Spirometric impairments, cardiovascular outcomes, and noncardiovascular death in older persons

Carlos A. Vaz Fragoso, Peter H. Van Ness, Terrence E. Murphy, Gail J. McAvay

Research output: Contribution to journalArticlepeer-review

12 Scopus citations

Abstract

Background: In prior work involving older persons, the reported associations of spirometric impairments with cardiovascular outcomes may have been confounded by age-related changes in lung function. Hence, using more age-appropriate spirometric criteria from the Global Lung Function Initiative (GLI), we have evaluated the associations of spirometric impairments, specifically restrictive-pattern and airflow-obstruction, with cardiovascular death (CV-death) and hospitalization (CV-hospitalization). In these analyses, we also evaluated the competing outcome of noncardiovascular death (nonCV-death) and calculated measures of relative and absolute risk. Methods: Our study sample was drawn from the Cardiovascular Health Study (CHS), including 4232 community-dwelling white persons aged ≥65 years. Multivariable regression models included the following baseline predictors: GLI-defined restrictive-pattern and airflow-obstruction, age, male gender, obesity, waist circumference, current smoker status, ≥10 pack-years of smoking, hypertension, dyslipidemia, diabetes, and cardiovascular and cerebrovascular disease. Outcomes included adjudicated CV-death, CV-hospitalization, and nonCV-death, ascertained over 10 years of follow-up. Measures of association included hazard ratios (HRs), rate ratios (RRs), and average attributable fraction (AAF), each with 95% confidence intervals. Results: Restrictive-pattern and airflow-obstruction were associated with CV-death (adjusted HRs: 1.57 [1.18, 2.09] and 1.29 [1.04, 1.60]) and with nonCV-death (adjusted HRs: 2.10 [1.63, 2.69] and 1.79 [1.51, 2.12]), respectively. Airflow-obstruction, but not restrictive-pattern, was also associated with CV-hospitalization (adjusted RRs: 1.18 [1.02, 1.36] and 1.20 [0.96, 1.50], respectively). The adjusted AAFs of restrictive-pattern and airflow-obstruction were 1.68% (0.46, 3.06) and 2.35% (0.22, 4.72) for CV-death, and 3.44% (1.97, 5.08) and 7.77% (5.15, 10.60) for nonCV-death, respectively. Conclusion: Assessment of GLI-defined spirometric impairments contributes to broad geriatric risk stratifications for both cardiovascular and non-cardiovascular outcomes.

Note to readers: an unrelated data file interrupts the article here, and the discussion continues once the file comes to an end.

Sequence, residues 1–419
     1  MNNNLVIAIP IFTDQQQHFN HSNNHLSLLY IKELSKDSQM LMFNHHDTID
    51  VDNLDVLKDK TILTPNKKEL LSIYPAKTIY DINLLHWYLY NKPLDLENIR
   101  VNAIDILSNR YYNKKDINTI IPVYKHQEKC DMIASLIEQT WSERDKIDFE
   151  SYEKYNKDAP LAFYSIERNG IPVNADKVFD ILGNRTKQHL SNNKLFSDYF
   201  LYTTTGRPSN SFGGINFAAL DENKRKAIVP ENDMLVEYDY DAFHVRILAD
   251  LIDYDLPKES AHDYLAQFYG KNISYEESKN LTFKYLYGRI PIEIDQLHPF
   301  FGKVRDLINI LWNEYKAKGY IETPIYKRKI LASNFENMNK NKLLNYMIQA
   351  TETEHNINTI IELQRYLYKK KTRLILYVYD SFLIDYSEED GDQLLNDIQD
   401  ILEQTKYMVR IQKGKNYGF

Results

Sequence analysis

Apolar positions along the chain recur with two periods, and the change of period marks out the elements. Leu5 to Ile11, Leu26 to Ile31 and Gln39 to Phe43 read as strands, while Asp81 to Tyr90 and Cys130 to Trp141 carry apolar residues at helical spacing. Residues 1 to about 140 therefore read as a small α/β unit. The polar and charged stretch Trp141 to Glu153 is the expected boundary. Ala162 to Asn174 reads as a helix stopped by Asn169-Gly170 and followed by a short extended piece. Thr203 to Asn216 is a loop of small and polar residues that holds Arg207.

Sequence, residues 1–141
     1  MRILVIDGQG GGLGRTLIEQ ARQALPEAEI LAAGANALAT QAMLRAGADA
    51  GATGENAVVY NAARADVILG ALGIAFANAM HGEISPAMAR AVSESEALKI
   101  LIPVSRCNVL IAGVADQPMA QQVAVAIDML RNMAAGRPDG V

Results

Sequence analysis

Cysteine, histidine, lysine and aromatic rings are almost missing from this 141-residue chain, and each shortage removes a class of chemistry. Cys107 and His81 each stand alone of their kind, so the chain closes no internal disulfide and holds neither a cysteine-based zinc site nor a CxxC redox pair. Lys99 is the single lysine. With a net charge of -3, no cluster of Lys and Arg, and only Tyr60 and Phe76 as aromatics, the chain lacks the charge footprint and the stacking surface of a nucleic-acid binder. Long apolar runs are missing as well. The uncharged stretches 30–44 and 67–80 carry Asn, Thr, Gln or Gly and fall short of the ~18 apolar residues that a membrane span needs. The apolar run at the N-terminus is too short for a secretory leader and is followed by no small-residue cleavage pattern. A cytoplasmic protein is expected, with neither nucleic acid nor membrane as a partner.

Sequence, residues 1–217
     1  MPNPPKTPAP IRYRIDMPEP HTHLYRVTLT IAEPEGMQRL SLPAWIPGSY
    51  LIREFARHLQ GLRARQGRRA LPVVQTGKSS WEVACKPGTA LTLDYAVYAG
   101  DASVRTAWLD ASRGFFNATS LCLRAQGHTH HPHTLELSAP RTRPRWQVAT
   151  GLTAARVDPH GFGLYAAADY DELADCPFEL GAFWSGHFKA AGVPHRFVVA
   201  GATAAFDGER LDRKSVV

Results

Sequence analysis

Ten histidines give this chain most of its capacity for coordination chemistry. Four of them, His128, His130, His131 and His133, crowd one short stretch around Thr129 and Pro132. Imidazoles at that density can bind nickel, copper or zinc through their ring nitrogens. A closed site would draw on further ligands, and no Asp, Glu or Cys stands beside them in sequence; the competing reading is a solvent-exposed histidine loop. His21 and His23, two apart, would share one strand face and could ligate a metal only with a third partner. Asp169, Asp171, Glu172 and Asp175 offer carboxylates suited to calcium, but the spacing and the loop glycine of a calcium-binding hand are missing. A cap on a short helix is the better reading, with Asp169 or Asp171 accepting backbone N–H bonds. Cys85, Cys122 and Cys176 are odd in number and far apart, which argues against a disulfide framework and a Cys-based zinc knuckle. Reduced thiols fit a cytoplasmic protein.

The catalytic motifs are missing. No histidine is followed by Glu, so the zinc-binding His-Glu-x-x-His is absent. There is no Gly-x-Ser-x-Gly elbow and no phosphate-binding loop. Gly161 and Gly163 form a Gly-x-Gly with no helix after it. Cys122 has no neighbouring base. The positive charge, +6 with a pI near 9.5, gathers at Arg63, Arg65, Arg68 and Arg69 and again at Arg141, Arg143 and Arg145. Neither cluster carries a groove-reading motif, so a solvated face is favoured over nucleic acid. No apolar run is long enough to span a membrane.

Original languageEnglish (US)
Pages (from-to)40-47
Number of pages8
JournalRespiratory Medicine
Volume137
DOIs
StatePublished - Apr 2018

All Science Journal Classification (ASJC) codes

  • Pulmonary and Respiratory Medicine

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